Right here right now, I'm in Japan, teaching English/Internationalization and am rewarded intrinsically along the way through spreading culture and learning about another. The residents in my town have been very open to learn about my family and I. There are things I miss about chosen lifestyles in California where I can wake up, teach/hike at an outdoor science school, coach football, and make my rounds to the mountains, the beach, pick up basketball, or downtown Fullerton. Demo (nihongo for 'however'), seeing many friends move towards their passions - such as; financial advising, engineering, acting, music, coaching, medicine, sports, and so on - has helped me make decisions that have led towards where I am right now. Is it where I want to be in five years? If you asked me to answer honestly, I would say "not exactly". There are other meals yet to be served. I only hope to build and maintain the bridges which have been forged and will be forged over the next few years abroad. I am attempting to live a passionate lifestyle, and trying to live passionately even if it means or meant making prolonged stops at family members homes free of charge along the way.
To the next point, making prolonged stops at family members homes along the way. the economy is recovering, I think? But when I graduated in '10 the job market wasn't what it was 10 years ago for fresh college graduates, especially with a Social Ecology degree. After uprooting myself from southern California I decided to work in the Oregon/Washington Cascade mountain range, hike for three weeks in the High Sierras, hike and volunteer farm in Oahu (WOOF), take a winter Wilderness Travel Course with the Sierra Club, and take summer classes in Anatomy in San Luis Obispo. (I find it necessary to have outdoor skills and it has become a sanctuary for me). These opportunities became possible through the support of family, friends, and mentors along the way. The above picture never would have happened if I didn't accept help in buying a plane ticket a few years back. Shooting forward to today, I am now living abroad and get to play for the towns recreational baseball team while also playing bball every day at lunch just like when I was in middle school- the kids around this small inaka (country) town even remember my number - 15. Now it can be my family who gets to travel on a small part of my account/location. The options I have in my present life and my future are made a possibility through much support from family and friends and the 'Big guy up in the sky'. I owe them a big one.
That being said, it ain't all pretty pictures and sunsets. There are times I face doubts of teaching versus 'living'. In other words, as a young athlete I never found myself in a speaking role among my teammates, but a lead by example role. It was not until later in my life I felt the outside pressures to learn to speak well and many external benefits, as well as in interpersonal relationships. Even now on my down time I find myself planning for the next move without speaking the language of my current location: how can I get into a wilderness EMT course while combining travel and vacation days? Can I sign up for the Air Force or Coast Guard so I can practice/do Search and Rescue (basically put my athletic and strategy skills to use somehow in real world applications) and serve our community/country before I hit the age limit? Which graduate school program is in conjunction with an active lifestyle, which one'll let me do the PCT for a part of research or should I just wait and do it just to do it for spiritual gains? What steps will help me become a better Coach? What if I were to start a committed relationship? My list is there, and we all have our lists of what ifs and how-to's. Sometimes, I may as well be scratching my head in the picture below, as I'm attempting to understand things in my own life yet alone keeping up with other happenings. I ought to just remember KIS, Keep It Simple, easier said than done.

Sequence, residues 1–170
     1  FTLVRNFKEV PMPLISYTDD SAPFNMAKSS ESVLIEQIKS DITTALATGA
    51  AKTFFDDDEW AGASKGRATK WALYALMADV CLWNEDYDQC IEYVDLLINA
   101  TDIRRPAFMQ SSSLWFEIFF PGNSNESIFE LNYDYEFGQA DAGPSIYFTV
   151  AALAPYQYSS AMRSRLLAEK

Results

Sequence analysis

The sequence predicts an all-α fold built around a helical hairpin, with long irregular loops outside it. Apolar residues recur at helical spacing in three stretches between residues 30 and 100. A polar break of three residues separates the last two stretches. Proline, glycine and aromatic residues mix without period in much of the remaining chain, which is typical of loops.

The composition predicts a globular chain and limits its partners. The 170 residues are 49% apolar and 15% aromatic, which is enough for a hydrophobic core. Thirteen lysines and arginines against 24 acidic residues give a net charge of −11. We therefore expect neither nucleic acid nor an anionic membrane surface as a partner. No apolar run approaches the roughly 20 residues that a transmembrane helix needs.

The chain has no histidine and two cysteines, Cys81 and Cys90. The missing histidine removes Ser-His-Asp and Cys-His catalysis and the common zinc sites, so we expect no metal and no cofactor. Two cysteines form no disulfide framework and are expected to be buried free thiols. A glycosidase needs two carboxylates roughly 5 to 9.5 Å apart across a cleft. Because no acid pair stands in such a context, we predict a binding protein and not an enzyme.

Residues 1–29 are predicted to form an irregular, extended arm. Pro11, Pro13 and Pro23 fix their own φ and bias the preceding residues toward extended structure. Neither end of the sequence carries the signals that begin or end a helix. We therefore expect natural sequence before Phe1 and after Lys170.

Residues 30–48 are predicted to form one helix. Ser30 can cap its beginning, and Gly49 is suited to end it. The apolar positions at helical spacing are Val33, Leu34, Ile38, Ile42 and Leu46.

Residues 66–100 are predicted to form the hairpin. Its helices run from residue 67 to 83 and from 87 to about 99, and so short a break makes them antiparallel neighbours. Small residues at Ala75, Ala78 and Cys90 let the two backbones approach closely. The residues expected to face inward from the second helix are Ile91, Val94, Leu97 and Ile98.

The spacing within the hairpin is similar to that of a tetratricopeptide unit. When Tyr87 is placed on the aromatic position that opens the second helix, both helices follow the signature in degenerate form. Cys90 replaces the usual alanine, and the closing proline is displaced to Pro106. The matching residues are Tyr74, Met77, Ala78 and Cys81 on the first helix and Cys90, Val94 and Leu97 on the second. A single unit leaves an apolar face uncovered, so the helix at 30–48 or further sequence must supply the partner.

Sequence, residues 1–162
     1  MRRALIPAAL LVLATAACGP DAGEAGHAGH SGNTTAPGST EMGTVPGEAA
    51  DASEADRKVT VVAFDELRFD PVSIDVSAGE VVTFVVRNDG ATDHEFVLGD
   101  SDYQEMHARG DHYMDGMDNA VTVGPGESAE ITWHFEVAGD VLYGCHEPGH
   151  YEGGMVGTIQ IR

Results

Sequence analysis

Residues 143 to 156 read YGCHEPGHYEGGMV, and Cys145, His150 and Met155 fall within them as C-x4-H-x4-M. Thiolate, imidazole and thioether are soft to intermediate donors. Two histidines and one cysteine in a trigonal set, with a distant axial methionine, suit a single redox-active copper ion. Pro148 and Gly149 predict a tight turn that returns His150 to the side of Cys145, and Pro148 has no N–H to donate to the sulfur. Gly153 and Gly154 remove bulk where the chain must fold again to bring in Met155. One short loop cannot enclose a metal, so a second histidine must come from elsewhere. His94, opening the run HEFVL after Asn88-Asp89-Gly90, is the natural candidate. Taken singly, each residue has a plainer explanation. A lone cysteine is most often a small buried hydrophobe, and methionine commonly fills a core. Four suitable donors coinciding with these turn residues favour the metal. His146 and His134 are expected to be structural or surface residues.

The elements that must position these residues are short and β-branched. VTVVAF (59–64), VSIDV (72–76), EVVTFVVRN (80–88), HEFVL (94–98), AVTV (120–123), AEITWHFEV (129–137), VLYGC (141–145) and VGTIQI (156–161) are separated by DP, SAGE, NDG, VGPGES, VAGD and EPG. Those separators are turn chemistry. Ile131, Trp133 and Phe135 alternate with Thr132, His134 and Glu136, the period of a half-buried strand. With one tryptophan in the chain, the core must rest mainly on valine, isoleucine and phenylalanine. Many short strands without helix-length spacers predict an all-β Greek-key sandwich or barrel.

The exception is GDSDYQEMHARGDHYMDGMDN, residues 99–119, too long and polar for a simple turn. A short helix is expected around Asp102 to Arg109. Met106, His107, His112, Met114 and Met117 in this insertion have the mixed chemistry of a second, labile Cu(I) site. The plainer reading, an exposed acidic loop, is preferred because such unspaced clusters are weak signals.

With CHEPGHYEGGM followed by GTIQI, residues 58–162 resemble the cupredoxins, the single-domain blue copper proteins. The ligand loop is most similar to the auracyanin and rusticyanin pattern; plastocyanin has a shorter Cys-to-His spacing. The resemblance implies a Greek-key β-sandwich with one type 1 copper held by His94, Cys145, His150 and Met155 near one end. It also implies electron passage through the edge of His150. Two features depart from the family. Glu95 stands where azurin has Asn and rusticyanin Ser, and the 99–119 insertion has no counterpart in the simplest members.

So how do I try to deal with perceptions of this is not 'enough' and learning patience? Work at being grateful (click the link for a cool site), yes work at being grateful. Along the beginning of this prolonged journey and lifestyle, which is ordinary in the respects considering that many friends and family have already taken their courageous steps, from starting families, playing ball in Europe, and another running an ultra marathon (which I admire and follow) towards their goals - there will be many people who choose to help us along the way. One thing that has really helped me appreciate my ups and downs - being grateful and making the effort to give to those you also see taking steps towards a goal of theirs. Muhammed Ali once said “What keeps me going is goals.” I have felt some amazement in the helping hands I've received along the way, and now feel a sense of responsibility to also help the next person or people I see traveling or making effort - from the Nihonjin only speaking the bare minimum English needing a ride in the Sierra Mountains to the physically awkward kid who just wants the ball passed to him in a pick up game of basketball so he can show what he's practiced so much for. That being said, lets help each other out in aspects of education, sport, travel, adventure, and so on, most of us in our 20's are looking for something, let's help each other get there and also realize the huge pro's to our current situations whatever they may be. I know I'll continue to accept a helping hand when necessary and am grateful for the ones offered thus far. One thing I want to continue to improve is financial stability as well, so for any one younger than me reading this, keep your finances right, it'll make things run smoother. Gracias.
(Grand Canyon backpacking trip, May of 2012, hiking friend Mark along with Dorea/Audrey/Kari helped organize this trip - Inside The Outdoors coworkers)